‘Tis the day before Christmas, but here at this site,
We still provide reading for your Silent Night.
The house is done up like a yuletide boutique,
So take time to reflect on the Jazz’s past week.
Sugarplum visions are overrated anyway,
Instead let’s talk hoops and break down awesome plays.
So if basketball geeking’s your holiday heaven,
Then my present to you is the Salt City Seven.
At 4-7 since the Rudy Gobert injury, Utah didn’t quite make it to Christmas with a .500 record. And sure, four of those seven losses were to OKC, San Antonio and Golden State and are therefore somewhat forgivable1. The real cost of Rudy’s MCL sprain was a pair of home losses to the Pelicans and Magic. Both games where Utah would be heavily favored on paper if their defensive anchor was playing, those two represent the difference between Utah’s current 12-15 and an alternate universe where they’re 14-13.
But record aside, the Jazz are still in OK shape overall. Forecasting models that look beyond record generally still see Utah as a playoff team. Factors like scoring differential and strength of schedule have historically performed better as predictive tools than straight record anyway, and according to several models based on that kind of math, Utah’s on the right track.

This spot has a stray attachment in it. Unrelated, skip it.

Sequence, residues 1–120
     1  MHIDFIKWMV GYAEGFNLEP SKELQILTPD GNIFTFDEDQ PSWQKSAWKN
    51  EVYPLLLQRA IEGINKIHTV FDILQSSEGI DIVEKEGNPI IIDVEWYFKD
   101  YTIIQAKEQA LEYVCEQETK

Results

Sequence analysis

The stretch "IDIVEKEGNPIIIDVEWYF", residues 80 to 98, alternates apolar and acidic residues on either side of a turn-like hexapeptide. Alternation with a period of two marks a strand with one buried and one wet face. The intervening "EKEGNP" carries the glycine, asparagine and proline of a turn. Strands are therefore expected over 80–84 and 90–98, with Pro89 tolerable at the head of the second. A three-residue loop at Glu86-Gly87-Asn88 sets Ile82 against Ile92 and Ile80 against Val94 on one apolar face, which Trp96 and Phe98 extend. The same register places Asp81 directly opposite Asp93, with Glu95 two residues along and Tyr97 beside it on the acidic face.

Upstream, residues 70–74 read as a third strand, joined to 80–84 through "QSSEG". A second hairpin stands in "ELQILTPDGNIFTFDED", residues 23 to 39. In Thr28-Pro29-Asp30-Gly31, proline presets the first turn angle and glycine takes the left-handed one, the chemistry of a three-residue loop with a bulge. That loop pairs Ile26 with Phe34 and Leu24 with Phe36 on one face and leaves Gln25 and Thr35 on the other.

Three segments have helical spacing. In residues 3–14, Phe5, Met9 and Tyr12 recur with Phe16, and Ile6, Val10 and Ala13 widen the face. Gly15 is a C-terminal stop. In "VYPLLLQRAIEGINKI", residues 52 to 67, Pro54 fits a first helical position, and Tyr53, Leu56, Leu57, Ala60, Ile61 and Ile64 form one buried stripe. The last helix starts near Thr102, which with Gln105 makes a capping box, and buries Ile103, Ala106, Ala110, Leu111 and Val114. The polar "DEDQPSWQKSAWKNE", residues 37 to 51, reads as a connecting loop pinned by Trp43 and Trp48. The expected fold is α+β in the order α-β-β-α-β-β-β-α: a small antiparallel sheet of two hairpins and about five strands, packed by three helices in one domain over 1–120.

What none of these systems can really account for is any future health mishaps or trades. But assuming Utah’s roster stays roughly the same and their key players get/stay right physically, Utah appears to be on track for a 5 to 7 seed. That translates to a lot of meaningful experiences playing relevant basketball for the rest of the season, even if they are a likely first-round out at this stage.
A lot depends on how quickly they get Gobert back and how many more winnable games they let slip without him, like they did against the Pels and the Magic. But on the macro, Utah’s tracking to an important milestone in their team growth.
“We’re gonna play bad sometimes, we’re gonna play good sometimes. Hopefully we play good more than we play bad.”
-Quin Snyder, succinctly describing the nature of life as the coach of a team that’s projected to finish around the .500 mark.
This is essentially the point made in the last section. The Jazz will have rough nights. They’ll have excellent nights. We can ride the emotional roller coaster with them, or we can recognize what they are in overall terms and try to learn some things along the way.
“With a young group, there’s just going to be inconsistency,” Snyder went on. “I don’t want to get too excited when things are good, and I don’t want to get too disappointed when things are bad.”